Wiping the sweat from his face with his sleeve, he perused the room around him. A long, mahogany dining table formed the room’s centrepiece, surrounded by twelve chairs. On the table two tall candles generated a bright but limited aura, lighting the middle of the room while leaving its extremities in shadow. Victor smiled and breathed easy at the absence of electric lighting.
“No curse in here,” he said.
An imposing, glass case stood against the far wall, holding an extensive collection of fine china and silverware. Either side of the case were paintings of Alpine scenery. Pale green wallpaper overspread the walls, peeling here and there, and bearing an outdated floral pattern, the kind that might be found in a regretted lower back tattoo. Victor stepped over to the table, paused and then backtracked a few paces. He walked forward again, staring down at the thick carpet.
“Amazing,” he remarked. “It’s like walking on marshmallows.”
He looked about the table; four places were set with plates and cutlery. His finger cut a thin trail through the dust as he dragged it across the tabletop.
To his left he saw a door at the end of the room.
“All right,” he smiled. “Let’s get some grub.”
But the smile left his face, replaced by a curious furrowing of his brow. He looked down at the floor again, lifting his feet up and down.
“What is that?”
He crouched and ran his fingers over the plush surface.
“Hmm. It’s not the carpet.”
A thin fog wafted past his hand.
Icy air brushed his skin again. He turned to his right and saw at that end of the room a thin, two-feet long strip of light on the floor along the wall. He went over to investigate, and discovered another door, hidden in the shadow. Bending down, he held his hand up to the base of the door, in front of the light. Small, frosty swirls blew into his palm. He tried to look beneath the door to the other side but could see nothing. He stood up and rubbed his hands together, looking the door up and down. At the other end of the room the door to the kitchen beckoned; Victor looked at it in thought, then back at the door concealing the frigid mystery. He looked at his watch.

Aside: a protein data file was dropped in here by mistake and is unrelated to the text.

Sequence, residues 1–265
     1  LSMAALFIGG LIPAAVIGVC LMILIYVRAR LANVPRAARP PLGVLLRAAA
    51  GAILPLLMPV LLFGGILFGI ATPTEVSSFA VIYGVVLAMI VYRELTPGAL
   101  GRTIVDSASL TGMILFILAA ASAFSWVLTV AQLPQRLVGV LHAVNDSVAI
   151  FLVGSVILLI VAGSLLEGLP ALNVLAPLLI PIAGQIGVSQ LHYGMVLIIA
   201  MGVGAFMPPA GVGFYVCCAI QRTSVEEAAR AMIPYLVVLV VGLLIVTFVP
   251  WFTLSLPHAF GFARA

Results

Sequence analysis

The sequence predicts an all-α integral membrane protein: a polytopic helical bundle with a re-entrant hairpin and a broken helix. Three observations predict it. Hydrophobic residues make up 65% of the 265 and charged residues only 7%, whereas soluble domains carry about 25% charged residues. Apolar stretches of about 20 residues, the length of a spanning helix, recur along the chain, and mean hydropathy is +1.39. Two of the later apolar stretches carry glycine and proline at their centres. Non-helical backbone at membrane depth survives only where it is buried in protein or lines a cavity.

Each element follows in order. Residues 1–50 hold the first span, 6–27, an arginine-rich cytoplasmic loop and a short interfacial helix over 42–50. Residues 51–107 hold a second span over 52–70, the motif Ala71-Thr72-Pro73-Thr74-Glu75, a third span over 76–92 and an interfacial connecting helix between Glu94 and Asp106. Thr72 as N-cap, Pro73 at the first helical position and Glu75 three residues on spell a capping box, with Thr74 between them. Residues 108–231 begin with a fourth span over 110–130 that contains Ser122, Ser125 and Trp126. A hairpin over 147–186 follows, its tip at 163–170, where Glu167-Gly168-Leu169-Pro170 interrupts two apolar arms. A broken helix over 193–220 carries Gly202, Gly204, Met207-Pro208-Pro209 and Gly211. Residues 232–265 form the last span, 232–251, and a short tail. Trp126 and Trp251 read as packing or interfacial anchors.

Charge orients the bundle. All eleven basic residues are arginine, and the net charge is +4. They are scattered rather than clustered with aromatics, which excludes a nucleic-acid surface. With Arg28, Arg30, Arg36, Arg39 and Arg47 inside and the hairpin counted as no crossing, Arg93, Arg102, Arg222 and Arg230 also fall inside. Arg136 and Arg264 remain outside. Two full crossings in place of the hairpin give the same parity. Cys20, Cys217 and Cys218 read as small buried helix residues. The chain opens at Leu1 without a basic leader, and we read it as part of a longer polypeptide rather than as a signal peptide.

“Plenty of time.”
He turned the door knob, which was almost frozen, and walked into blinding whiteness. A biting, snowy gust rushed him head-on, knocking him back a step, and then disappeared with a howl. Little by little the air warmed and the brightness receded, bringing the room into view. It was small: a tiny office—or perhaps a cell. The walls were stone, decorated only by a small map, an old USSR flag and a framed picture of a man whose military uniform was adorned with an improbable multitude of medals. A simple wooden chair, seemingly fashioned for discomfort, sat in the middle of the room beneath the single, bare light bulb suspended from the ceiling. Victor walked around the room. He took a close look at the picture on the wall; he examined the map; he prodded the chair with his foot. Finally he sighed and put his hands on his hips.
“Is that it?” he said.
He sat down on the chair.
Suddenly the room went dark and Victor felt himself spun around where he sat. He came to a jarring halt, and out of the darkness an abrasive beam of light smacked him in the face. He squinted and lifted his hand up to shield his eyes; sweat began to bead on his temples.
“Welcome, Comrade,” said a commanding voice in a thick Russian accent.
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